Then there is the vehicle technical inspection, Riteve. This is performed every two years for cars under five years old and every year for cars over 5 years. It consists of a series of tests consisting of braking, emissions and suspension, inspection of wipers, lights, windshield, tires, seat belts and safety equipment. The initial appointment cost is about $25. If there find anything wrong, you must get it fixed and return for a follow up inspection. There is also a fee for the return visit.
You can import your vehicle but it will be expensive. There is a sliding import tax scale that ranges from between about 50% and 80% of the value depending on the age of the car. The older the vehicle, the higher the tax. The assessed value will also be higher than in the United States and is not based on the Kelly blue book value, but instead is based on what the Costa Rican government thinks it is worth. Vehicles that are too old, won't be accepted at all.
If you decide to bring your vehicle, check the model to make sure parts are available. If not, parts will have to be imported. This will be expensive and take a lot of time. Just because you bring a Toyota from the US or Canada doesn't mean that it is exactly the same as the counterpart model in Costa Rica. There can still be differences between a Toyota Hilux in Costa Rica and a Toyota Tacoma in the United States, enough to be a headache.
Consider the cost of putting it in a shipping container. Containers are available in 20 and 40 foot lengths. If bringing a car pushes you to a larger container, or even worse, another container, it probably isn't worth it.
Vehicles must also be certified as safe for overseas travel, yet another headache and expense.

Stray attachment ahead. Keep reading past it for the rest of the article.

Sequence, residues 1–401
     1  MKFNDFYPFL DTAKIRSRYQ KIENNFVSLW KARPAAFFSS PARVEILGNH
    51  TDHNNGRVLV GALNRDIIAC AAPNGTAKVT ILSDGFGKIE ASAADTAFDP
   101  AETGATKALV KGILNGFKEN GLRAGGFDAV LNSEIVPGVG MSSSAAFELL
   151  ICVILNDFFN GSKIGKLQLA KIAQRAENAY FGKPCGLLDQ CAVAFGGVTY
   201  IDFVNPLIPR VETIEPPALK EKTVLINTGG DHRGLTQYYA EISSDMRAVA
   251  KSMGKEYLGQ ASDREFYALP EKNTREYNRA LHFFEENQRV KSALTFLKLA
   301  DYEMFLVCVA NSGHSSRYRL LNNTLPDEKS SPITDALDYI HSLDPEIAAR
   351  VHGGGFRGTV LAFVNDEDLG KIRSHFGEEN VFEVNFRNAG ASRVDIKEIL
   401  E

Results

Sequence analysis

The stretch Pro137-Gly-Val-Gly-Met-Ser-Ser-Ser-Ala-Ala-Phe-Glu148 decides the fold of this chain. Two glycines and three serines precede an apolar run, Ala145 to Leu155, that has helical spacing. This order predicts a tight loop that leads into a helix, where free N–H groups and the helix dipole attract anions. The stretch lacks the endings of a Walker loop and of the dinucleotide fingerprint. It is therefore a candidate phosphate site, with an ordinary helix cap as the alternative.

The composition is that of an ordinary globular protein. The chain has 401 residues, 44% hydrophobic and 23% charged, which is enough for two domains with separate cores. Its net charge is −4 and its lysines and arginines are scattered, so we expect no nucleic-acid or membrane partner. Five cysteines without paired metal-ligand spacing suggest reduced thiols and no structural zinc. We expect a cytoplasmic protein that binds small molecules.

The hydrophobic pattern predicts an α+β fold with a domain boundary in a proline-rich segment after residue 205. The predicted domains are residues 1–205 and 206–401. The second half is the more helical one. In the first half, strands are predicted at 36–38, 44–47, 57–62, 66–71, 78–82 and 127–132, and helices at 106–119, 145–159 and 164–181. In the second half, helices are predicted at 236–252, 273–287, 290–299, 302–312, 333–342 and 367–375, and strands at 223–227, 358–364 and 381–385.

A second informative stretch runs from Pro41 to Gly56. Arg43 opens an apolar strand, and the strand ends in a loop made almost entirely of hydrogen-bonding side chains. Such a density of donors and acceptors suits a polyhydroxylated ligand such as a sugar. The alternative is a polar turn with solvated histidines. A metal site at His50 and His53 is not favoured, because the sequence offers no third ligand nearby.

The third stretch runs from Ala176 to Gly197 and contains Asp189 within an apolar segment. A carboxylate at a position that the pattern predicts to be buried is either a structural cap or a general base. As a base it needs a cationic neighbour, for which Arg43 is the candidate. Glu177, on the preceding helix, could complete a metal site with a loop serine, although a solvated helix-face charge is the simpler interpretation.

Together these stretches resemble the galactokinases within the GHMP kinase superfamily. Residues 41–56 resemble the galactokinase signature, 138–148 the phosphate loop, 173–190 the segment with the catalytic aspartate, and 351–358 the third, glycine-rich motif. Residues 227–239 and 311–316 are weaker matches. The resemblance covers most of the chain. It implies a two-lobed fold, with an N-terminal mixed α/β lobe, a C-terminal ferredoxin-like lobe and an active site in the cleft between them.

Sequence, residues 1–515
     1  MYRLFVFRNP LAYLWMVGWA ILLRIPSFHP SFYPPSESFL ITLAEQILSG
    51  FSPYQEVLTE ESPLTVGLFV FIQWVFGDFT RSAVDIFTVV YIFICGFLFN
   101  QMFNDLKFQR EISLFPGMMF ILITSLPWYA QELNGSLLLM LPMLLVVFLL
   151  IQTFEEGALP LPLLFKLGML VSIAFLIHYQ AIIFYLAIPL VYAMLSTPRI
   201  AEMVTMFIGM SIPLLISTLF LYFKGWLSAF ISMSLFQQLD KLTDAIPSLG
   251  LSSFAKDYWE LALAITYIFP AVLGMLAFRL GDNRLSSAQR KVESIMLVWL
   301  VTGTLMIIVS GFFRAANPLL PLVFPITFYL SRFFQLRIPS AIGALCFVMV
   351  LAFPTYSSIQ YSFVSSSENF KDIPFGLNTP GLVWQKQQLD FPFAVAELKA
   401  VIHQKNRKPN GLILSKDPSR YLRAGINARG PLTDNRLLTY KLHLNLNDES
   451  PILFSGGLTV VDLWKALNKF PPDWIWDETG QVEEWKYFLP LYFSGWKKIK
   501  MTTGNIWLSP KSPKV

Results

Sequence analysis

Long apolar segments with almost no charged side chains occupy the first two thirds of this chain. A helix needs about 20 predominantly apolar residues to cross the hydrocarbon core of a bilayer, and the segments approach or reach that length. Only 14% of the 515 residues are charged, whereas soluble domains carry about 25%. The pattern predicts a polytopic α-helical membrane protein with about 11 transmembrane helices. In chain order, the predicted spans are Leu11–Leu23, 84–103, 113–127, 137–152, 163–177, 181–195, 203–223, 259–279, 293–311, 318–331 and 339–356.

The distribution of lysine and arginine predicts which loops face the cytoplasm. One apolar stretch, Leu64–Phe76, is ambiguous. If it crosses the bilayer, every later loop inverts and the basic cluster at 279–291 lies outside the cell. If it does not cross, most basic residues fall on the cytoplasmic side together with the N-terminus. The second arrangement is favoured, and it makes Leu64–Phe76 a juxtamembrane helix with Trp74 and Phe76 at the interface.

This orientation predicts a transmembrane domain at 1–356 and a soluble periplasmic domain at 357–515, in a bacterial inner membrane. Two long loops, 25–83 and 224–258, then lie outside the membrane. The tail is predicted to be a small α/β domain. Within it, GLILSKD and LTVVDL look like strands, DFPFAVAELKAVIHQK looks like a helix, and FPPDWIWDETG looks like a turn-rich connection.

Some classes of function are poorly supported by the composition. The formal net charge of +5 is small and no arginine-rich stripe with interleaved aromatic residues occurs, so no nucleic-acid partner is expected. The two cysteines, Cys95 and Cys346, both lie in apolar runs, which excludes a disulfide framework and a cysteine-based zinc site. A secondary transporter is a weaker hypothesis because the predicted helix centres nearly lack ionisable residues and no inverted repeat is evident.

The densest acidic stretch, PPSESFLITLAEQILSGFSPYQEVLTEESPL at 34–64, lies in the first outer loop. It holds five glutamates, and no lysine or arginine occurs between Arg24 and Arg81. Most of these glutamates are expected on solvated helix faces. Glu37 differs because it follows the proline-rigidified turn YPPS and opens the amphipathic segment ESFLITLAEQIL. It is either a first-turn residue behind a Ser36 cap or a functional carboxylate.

Once in Costa Rica, the vehicle must be inspected by Riteve, the national Costa Rica vehicle inspection organization. This process includes a visual check of the vehicle for the following items:
For us, the timing is good. Our 1999 Honda Passport with 242,000 miles and 2005 Honda Accord with 208,000 miles were too old to bring to Costa Rica and parts would have been a problem. Parts for the Passport were sometimes a problem, even in the United States.
We purchased a used 2014 Toyota RAV4 4WD with about 78,000 miles on it. Through lots of networking with professionals and friends, face to face meetings and research we found Regina and Peter Herb who own Car Center Coco to find the perfect car that met all of our requirements. For a fee they will find the car, check the history, perform a mechanical evaluation, coordinate registration with an attorney, recommend and negotiate any necessary repairs and bring it to their lot in Coco for pickup. The communication and transaction was smooth and flawless. I highly recommend using their service, especially if you are moving to the Guanacaste province in the Pacific Northwest as many ex-pats do.
You will need a reputable lawyer to buy a used car. They will research the title and make sure that it is clean and that there are no liens or tickets against the vehicle. They will also file paperwork with the Costa Rican National Registry and obtain the new title. The average costs for this service is about $400.
In my opinion, sell your vehicle before you move to Costa Rica and buy something down here, new or used. There is a lot of work and expense to bring your own car and I don't think it is worth it.